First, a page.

May your troubles be as short-lived as my New Year’s resolutions

Happy New Year! It’s time to shake off the snow from my clothes and the dust from my New Year’s resolutions. Although in keeping with the holiday spirit, I’ve opened with a humorous title, the subject is serious. We need to reflect on our status and monitor our progress both on a short-term and a long-term basis. The beginning of the New Year is a perfect time for such a review.

What’s in store for us this year? Since life is synonymous with change, this year our lives will either improve or worsen. The likelihood of it improving is greatly enhanced for those of us who make a plan (New Year’s resolution). To succeed, however, we must remember that ‘resolution’ implies remaining resolute, steadfast, unswerving, and unbending in our determination. And I’m not suggesting that we remain firm and unwavering when shirking our duty. Rather, like Benjamin Franklin, I’m suggesting we resolve to perform what we ought to do and perform without fail what we resolve.

When we make New Year’s resolutions and stick to them, we grow stronger. We mature. We develop self-discipline and lift ourselves by our own bootstraps. The result is greater self-confidence, peace of mind, and control over our lives. On the other hand, when we break our resolutions, we grow weaker. After all, we have demonstrated to ourselves that we are not resolute; we lack self-discipline, and we have given up on improving ourselves. Don’t allow the negative effects of the broken resolutions of others deter you from making your own. Instead, use that information as motivation to stick to the promises you have made to yourself and enjoy the benefits that will follow.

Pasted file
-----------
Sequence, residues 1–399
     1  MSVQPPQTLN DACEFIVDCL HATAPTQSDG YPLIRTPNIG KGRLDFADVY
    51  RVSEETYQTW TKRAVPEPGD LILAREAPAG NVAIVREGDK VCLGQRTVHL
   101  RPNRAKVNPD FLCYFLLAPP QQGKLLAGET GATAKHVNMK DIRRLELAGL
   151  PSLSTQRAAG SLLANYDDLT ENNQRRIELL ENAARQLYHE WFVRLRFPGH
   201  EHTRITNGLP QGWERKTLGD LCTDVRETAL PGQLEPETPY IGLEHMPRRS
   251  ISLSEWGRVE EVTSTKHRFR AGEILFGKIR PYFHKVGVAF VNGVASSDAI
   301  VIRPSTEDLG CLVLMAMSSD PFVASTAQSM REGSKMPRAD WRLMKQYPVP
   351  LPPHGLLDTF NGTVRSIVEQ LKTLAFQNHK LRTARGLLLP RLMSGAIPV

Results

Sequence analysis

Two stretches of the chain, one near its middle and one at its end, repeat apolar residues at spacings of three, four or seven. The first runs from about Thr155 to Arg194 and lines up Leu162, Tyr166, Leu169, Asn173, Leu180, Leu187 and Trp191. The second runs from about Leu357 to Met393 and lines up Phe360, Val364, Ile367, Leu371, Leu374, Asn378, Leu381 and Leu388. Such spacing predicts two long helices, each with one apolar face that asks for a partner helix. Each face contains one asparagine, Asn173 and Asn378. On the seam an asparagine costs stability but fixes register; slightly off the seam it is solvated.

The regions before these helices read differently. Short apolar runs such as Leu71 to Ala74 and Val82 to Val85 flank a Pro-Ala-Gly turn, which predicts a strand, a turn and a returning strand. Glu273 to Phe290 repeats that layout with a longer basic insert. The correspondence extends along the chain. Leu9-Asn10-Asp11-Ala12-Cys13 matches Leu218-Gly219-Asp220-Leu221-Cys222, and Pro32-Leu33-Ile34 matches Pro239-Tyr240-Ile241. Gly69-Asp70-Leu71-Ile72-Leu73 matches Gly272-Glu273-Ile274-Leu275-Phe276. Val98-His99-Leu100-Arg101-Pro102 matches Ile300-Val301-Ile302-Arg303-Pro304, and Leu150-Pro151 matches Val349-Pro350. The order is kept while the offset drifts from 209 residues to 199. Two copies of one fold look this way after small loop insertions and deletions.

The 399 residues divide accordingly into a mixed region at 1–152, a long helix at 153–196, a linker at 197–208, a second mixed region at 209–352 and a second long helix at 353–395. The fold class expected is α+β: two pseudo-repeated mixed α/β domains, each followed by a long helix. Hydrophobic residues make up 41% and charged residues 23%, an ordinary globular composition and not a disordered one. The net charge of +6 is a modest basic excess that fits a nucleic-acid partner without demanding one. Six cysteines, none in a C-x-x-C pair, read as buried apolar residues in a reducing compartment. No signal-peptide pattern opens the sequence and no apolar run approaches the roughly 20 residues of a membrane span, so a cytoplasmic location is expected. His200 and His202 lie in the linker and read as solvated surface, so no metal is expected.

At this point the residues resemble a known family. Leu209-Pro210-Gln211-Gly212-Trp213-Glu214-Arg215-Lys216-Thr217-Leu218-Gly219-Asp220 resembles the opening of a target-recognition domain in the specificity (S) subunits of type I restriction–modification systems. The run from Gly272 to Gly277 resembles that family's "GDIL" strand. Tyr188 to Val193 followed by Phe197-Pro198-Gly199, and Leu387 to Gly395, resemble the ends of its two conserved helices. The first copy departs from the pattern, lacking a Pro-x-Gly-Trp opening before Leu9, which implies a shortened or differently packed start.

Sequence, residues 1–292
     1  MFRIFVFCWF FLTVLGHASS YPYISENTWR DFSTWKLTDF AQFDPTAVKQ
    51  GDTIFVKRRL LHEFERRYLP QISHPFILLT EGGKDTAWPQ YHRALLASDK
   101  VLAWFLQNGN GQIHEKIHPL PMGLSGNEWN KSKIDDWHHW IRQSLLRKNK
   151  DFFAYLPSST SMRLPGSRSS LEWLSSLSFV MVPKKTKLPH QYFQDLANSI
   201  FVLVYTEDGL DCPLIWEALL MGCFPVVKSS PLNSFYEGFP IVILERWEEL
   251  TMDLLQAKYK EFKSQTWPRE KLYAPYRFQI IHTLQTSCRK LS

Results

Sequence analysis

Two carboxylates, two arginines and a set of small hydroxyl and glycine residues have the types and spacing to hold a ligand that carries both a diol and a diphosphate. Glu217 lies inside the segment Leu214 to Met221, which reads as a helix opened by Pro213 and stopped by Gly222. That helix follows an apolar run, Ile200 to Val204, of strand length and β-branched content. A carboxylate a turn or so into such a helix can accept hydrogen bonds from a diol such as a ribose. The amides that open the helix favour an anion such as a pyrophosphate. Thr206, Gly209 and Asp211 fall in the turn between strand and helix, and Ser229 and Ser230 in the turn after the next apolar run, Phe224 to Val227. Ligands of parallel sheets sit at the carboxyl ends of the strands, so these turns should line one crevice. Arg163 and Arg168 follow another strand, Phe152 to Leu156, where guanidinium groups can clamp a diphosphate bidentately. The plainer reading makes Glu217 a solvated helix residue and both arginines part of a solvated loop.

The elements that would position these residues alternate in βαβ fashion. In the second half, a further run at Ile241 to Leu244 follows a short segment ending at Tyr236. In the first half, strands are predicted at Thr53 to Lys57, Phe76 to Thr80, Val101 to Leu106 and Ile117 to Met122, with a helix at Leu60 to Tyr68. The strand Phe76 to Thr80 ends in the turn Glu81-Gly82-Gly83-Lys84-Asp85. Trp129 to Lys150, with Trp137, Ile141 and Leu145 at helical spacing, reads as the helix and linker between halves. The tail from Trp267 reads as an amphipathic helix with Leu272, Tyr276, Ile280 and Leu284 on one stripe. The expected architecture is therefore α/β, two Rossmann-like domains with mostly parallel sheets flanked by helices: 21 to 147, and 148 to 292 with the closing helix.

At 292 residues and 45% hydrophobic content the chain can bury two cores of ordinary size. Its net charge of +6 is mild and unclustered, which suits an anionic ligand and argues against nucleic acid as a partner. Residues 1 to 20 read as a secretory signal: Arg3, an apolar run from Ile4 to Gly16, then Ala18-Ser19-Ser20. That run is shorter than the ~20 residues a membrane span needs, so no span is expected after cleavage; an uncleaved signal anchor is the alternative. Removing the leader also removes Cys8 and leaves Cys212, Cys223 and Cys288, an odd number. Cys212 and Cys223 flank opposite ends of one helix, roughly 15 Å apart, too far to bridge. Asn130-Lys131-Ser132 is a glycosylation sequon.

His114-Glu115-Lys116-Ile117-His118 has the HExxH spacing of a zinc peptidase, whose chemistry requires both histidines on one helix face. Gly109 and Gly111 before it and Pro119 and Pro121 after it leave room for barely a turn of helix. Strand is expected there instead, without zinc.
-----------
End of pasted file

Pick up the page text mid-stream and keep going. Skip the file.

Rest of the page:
To begin the New Year on a sure footing, it may be helpful to review some of the steps involved in developing and carrying out our resolutions.

1. Reflection. Before we can change our behaviour, we need to change our mind. And before we can change our mind, we need to be aware of the need for change. Often, we get so caught up in the mundane activities of life that we don’t see which way we are heading. What’s the point of traveling if we don’t know where we’re going? That’s why there’s a need for reflection. We pause to ask ourselves questions like: “Where am I heading? Did I accomplish everything I set out to do last year? What did I do that was right? What did I do wrong? What do I need to do differently this year? Awareness of problems leads to a desire for change and is the first step in getting back on track.

2. Conviction. Now that we want to change, it’s time to acknowledge that we CAN change. Reflect on the many accomplishments you have already attained. Remind yourself of your personal power. Use your achievements to inspire you to add new attainments to your list of accomplishments.

3. Resolution. After accepting that you CAN change, you’re ready to resolve that you WILL change. Focus on your determination and get your adrenaline running. Determination is the key to releasing your power. For as William Ellery Channing (1780 ~ 1842) wrote, “A man in earnest finds means, or, if he cannot find, creates them. A vigorous purpose makes much out of little, breathes power into weak instruments, disarms difficulties, and even turns them into assistances. Every condition has means of progress, if we have spirit enough to use them.”